Here’s another good response from Mithrandylan in an email correspondence on the same subject (with permission):
Depends on what you mean by chronological order. If you mean chronological publishingorder, it's: (I'll give my recommended "event-based" chronological order after)
LOTR (published ~15 years after The Hobbit)
Only those two, plus I think The Adventures of Tom bσɱbadil, were published during his lifetime. The rest were published posthumously, in this order:
The Silmarillion (mid-late 70s)
Unfinished Tales of Numenor
The History of Middle Earth (80s-- Book of Unfinished tales vols 1-2, Lays of Beleriand, Shaping of Middle Earth, The Lost Road)
The History of the Lord of the Rings (late 80s-early 90s; four or five books dealing with extant LOTR stories and details surrounding the War of the Ring--The Return of Shadow, The Treason of Isengard, I forget the other two or three)
Morgoth's Ring (early 90s, deals with extant Silmarillion material)
The War of the Jewels (early 90s, also extant silmarillion material)
The Children of Hurin (mid 2000s)
Beren & Luthien (2000s)
The Fall of Gondolin (2010s)
All the posthumous works were edited by Christopher Tolkien, one of Tolkien's sons. Tolkienites-- lay and scholarly, Catholic and secular-- aren't pedantic about this. Christopher Tolkien didn't do much editorializing or changing, and those other works read like LOTR does (though not like The Hobbit does-- The Hobbit was written for children, reads much more like CS Lewis compared to LOTR which is written for adults and reads more like an epic novel). Christopher (more or less) just compiled his fathers copious notes, made connections, filled in any necessary blanks, etc.
Although there is technically a strict chronological order in which the books could be read based on the chronology of Middle Earth events, I'm not sure how enjoyable a read it would make. It would involve jumping back and forth between books like The Silmarillion, Children of Hurin, Unfinished Tales, etc. The SIlmarillion deals with some of the earliest events in Middle Earth, whereas some of the other books focus in on specific events that happened aroudn the same time, are mentioned in the Silmarillion, but not delved into in considerable detail. Perhaps obviously, if one were to read MIddle Earth books in strict chronological order, one would finish with The Hobbit and then LOTR.
If you haven't read any LOTR materials, this is my strong recommendation: start with The Hobbit. Read it with your kids, if you think they could understand (it is, after all, a children's book a la CS Lewis's Chronicles of Narnia and reads as though your grandpa is telling you a story by the fireplace). If you like it, then read the LOTR trilogy (probably not with your kids, since it's written for a more adult vocabulary-- not that there's anything inappropriate, it just probably will go over the heads of kiddos). If you make it through LOTR and The Hobbit, read the appendices at the end of Return of the King. These deal with some important history of Middle Earth (they are actually fairly long, as a matter of fact) and are written in the (often-criticized) dry, historical, quasi-scholarly tone that one encoutners when reading The Silmarillion. If the appendices are to your liking, then you know that you should keep on going with the material edited by Christopher Tolkien, and you'd start with The Silmarillion, tthen probably go to UNfinished Tales. Children of Hurin will enkindle your inner Greek tragedian, and if you're into that kind of thing (I certainly am), read that too-- after Unfinished Tales, probably. Ditto Beren & Luthien and The Fall of Gondolin.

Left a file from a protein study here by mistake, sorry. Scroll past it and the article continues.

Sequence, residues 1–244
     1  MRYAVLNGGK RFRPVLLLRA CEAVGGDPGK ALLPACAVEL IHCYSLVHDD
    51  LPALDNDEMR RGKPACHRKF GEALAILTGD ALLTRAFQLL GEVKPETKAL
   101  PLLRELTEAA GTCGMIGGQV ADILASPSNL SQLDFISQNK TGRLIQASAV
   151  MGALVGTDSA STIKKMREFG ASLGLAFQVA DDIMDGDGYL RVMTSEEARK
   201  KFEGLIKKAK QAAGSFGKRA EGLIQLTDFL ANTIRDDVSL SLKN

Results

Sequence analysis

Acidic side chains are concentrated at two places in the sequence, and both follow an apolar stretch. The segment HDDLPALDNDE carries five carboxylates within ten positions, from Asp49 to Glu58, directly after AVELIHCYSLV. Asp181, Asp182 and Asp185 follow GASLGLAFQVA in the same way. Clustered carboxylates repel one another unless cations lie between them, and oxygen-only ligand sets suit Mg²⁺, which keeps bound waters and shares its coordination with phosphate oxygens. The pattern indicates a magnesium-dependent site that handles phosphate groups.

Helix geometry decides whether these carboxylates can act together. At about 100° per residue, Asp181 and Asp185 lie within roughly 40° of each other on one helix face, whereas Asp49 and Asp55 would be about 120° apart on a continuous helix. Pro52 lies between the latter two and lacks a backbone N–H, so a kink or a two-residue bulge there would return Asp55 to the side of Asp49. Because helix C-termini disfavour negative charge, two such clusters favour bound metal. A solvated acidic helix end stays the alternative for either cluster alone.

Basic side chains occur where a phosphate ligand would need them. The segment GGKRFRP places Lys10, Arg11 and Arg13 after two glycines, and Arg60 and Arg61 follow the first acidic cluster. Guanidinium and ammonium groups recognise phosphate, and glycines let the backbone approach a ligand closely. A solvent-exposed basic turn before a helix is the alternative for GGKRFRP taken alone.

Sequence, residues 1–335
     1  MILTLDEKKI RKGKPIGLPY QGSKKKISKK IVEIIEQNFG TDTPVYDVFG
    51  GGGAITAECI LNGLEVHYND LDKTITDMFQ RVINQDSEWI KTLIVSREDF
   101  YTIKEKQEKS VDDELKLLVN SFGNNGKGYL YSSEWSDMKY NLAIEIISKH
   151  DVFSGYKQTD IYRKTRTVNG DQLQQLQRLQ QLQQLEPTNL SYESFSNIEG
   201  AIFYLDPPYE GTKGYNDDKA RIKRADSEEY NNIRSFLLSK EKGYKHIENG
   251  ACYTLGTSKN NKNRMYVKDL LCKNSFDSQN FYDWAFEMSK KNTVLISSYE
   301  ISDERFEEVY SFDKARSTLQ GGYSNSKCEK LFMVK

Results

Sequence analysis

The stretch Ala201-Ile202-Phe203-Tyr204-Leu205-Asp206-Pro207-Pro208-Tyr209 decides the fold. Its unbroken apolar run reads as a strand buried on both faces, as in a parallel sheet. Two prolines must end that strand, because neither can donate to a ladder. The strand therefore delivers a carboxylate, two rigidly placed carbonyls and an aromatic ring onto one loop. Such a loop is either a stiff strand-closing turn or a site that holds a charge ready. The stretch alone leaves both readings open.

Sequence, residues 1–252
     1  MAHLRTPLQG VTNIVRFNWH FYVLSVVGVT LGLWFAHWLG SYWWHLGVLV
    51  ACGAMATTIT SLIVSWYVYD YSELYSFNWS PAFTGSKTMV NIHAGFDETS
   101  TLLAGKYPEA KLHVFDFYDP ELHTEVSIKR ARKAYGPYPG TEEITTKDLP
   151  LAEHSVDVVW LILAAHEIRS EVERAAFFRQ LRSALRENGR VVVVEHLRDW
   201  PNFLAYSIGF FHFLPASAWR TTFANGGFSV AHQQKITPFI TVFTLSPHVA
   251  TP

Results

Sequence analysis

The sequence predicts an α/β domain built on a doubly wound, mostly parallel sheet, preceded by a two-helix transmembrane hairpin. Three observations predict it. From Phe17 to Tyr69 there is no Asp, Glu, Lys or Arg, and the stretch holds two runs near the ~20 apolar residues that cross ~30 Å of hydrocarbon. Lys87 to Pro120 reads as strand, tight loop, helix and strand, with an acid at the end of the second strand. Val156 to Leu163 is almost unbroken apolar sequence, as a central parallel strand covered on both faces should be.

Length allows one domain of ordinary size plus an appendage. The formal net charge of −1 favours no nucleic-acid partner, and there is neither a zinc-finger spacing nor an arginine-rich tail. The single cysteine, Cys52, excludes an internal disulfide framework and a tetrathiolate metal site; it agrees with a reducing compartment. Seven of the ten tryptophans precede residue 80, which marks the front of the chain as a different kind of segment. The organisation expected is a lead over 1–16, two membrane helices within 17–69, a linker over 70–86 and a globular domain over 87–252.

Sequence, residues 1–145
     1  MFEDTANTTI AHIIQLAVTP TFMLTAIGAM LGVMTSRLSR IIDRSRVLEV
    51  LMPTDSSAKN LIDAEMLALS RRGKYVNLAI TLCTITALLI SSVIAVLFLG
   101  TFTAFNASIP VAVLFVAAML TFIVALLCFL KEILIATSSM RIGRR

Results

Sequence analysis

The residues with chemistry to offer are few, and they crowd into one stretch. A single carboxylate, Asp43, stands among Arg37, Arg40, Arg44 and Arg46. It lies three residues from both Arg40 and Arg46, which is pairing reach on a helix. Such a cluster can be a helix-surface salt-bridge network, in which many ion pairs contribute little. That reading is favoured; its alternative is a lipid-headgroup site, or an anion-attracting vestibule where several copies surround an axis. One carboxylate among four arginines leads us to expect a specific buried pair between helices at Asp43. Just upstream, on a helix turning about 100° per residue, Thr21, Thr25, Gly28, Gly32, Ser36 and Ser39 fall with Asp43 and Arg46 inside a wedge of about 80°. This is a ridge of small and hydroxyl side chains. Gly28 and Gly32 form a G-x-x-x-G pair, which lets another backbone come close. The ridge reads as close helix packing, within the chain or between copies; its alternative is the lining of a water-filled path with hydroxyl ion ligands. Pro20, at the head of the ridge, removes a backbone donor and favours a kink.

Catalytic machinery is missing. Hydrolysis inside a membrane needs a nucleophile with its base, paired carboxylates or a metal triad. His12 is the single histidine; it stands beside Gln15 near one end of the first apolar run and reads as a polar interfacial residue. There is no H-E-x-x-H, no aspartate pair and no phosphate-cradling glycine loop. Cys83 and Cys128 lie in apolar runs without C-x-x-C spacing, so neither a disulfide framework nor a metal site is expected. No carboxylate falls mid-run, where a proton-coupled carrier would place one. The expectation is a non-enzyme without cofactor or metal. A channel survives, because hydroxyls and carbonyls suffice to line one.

So far as the HIstory of Middle Earth and HIstory of the War of the Ring series' are concerned, they're non-imperative. They take on a historical-summary tone and therefore are more useful for reference than for an actually enjoyable reading experience. They exist to annotate history, not to tell stories. You could skip them, since the meat and potatoes of them is included in other books. Unless, of course, you're planning a career change to a Tolkien-scholar.